Re: on behalf of sandro

From: Ian Horrocks (
Date: 10/25/01

On October 24, Richard Fikes writes:
> >The knowledge base contains the statements: "Pat's car is blue, and
> >there is something colored red."  Somewhat more formally:
> >
> >   RDF(PatsCar, color, blue).
> >   exists x (RDF(x, color, red)).
> Sorry to be dense, but how does one state "there is something colored
> red" in DAML+OIL?

The simple answer is that you can't without either naming it (i.e.,
asserting that some named individual is red) or connecting it to some
named individual via properties. This "collapsed model property" is
one of the basic properties of description logics on which their
decision procedures depend.

To be honest, I think we are getting way off base here with the whole
discussion. If we are talking about querying a DAML+OIL KB, the
problem is whether a query such as "give me all the red objects in the
KB" should return individuals whose existence is only implied by the
logic, i.e., individuals that don't exist at all in terms of the rdf,
either as named or anonymous nodes. E.g., if I assert that the
individual Ian is an instance of the class of people that own at least
one car and all of whose cars are red, then a REASONER can INFER that
some instance of red coloured car must exist, but there may be no RDF
node representing that individual. In this case, we can't/shouldn't
return it as part of the answer to our query. On the other hand, if
the query asks for all people owning red cars, then we CAN return Ian
as part of the answer, even if there is no RDF node representing the
red car Ian owns, because the reasoner can infer that in all models
satisfying the KB such an individual must exist.

As far as I can understand it we were all agreed on this point - i.e.,
that the answer to queries should only include named individuals, and
not those whose existence is only implicit.

Things seem to get a bit more tricky when the query asks for a
tuple. E.g., we ask for all <x,y> such that x is a person, y is a red
car, and x owns y. There may be a temptation to want to return the
tuple consisting of Ian and the "anonymous" car which we know he must
own. I am convinced we should NOT do this. If there is no individual
in the KB that we can infer to be a red car owned by Ian, then Ian
should not form part of the answer to the query - if we are really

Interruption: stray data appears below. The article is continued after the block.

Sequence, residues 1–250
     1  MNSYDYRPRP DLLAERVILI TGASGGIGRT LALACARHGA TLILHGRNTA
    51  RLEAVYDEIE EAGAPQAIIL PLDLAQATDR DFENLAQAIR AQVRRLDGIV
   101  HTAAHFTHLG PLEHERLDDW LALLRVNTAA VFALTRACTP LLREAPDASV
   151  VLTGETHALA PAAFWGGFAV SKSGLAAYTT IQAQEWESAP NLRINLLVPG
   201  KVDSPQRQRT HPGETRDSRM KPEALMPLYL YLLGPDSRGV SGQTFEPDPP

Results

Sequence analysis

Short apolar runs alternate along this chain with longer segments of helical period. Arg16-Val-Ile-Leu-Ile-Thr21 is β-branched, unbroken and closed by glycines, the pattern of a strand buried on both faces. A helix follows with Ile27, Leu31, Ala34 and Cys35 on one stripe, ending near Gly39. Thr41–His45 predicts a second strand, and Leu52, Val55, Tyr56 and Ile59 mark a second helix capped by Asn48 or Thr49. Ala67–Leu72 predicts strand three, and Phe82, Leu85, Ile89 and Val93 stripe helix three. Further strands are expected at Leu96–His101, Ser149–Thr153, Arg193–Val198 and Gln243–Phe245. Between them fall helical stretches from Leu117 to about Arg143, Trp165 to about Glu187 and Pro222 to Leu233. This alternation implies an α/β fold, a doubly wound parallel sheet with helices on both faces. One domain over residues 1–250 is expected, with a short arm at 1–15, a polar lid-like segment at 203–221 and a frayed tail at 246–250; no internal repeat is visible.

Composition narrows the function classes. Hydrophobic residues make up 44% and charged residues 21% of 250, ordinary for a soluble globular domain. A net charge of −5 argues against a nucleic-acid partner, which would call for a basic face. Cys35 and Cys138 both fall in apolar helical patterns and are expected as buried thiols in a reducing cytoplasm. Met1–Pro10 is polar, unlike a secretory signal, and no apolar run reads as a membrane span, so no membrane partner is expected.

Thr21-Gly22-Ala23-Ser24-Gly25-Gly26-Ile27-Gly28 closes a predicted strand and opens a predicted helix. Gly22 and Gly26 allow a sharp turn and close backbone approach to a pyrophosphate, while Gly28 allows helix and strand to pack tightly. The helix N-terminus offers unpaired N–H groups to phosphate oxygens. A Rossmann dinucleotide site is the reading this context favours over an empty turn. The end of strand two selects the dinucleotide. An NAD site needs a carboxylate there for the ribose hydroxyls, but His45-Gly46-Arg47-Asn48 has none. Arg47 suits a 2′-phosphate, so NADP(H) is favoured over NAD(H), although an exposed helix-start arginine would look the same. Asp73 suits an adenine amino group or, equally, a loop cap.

only interested in the owners, then the query should simply have asked
for the instances of the class of red car owners.

As far as I can understand it, most/all of us were agreed on this
point (at least Richard, Peter, Pat and I).

As far as the case where Ian owns two red cars is concerned, this is
straightforwardly dealt with by returning 2 tuples: <Ian, RedCar1>,
<Ian,RedCar2>. Note that we already agreed that all names should
really be sets of equivalent names, we can deal with the case where
RedCar1 and RedCar2 are inferred to be the same car by returning the
tuple <Ian, {RedCar1,RedCar2}>. Anyway, these are relatively minor
details compared to the above.

Apart from this kind of query, I think we also need a second kind of
logical query relating to subsumption/satisfiability questions, e.g.,
is the class C satisfiable and does C subsume D. These kinds of query
can all be reduced to KB satisfiability.

Then, there is a third kind of query that asks about the structure of
the current class hierarchy, e.g., give me all the (direct)
sub-classes of C. These kinds of query are not really "logical"
queries in the same sense as the first two types - the query asks
about the structure of the class hierarchy based on (possibly implicit)
subsumption relationships. For this reason I don't really believe that
the "non-monotonicity" of the answers to the direct subsumer query is
a problem - DL systems have been living with this for years without
anyone worrying about it (so it must be OK!). In any case, this is a
relatively minor detail.

Finally (maybe), we could also consider queries relating to the
syntactic structure of the asserted facts, but I'm not sure that this
should be part of a basic query language.

Regards, Ian

> Richard

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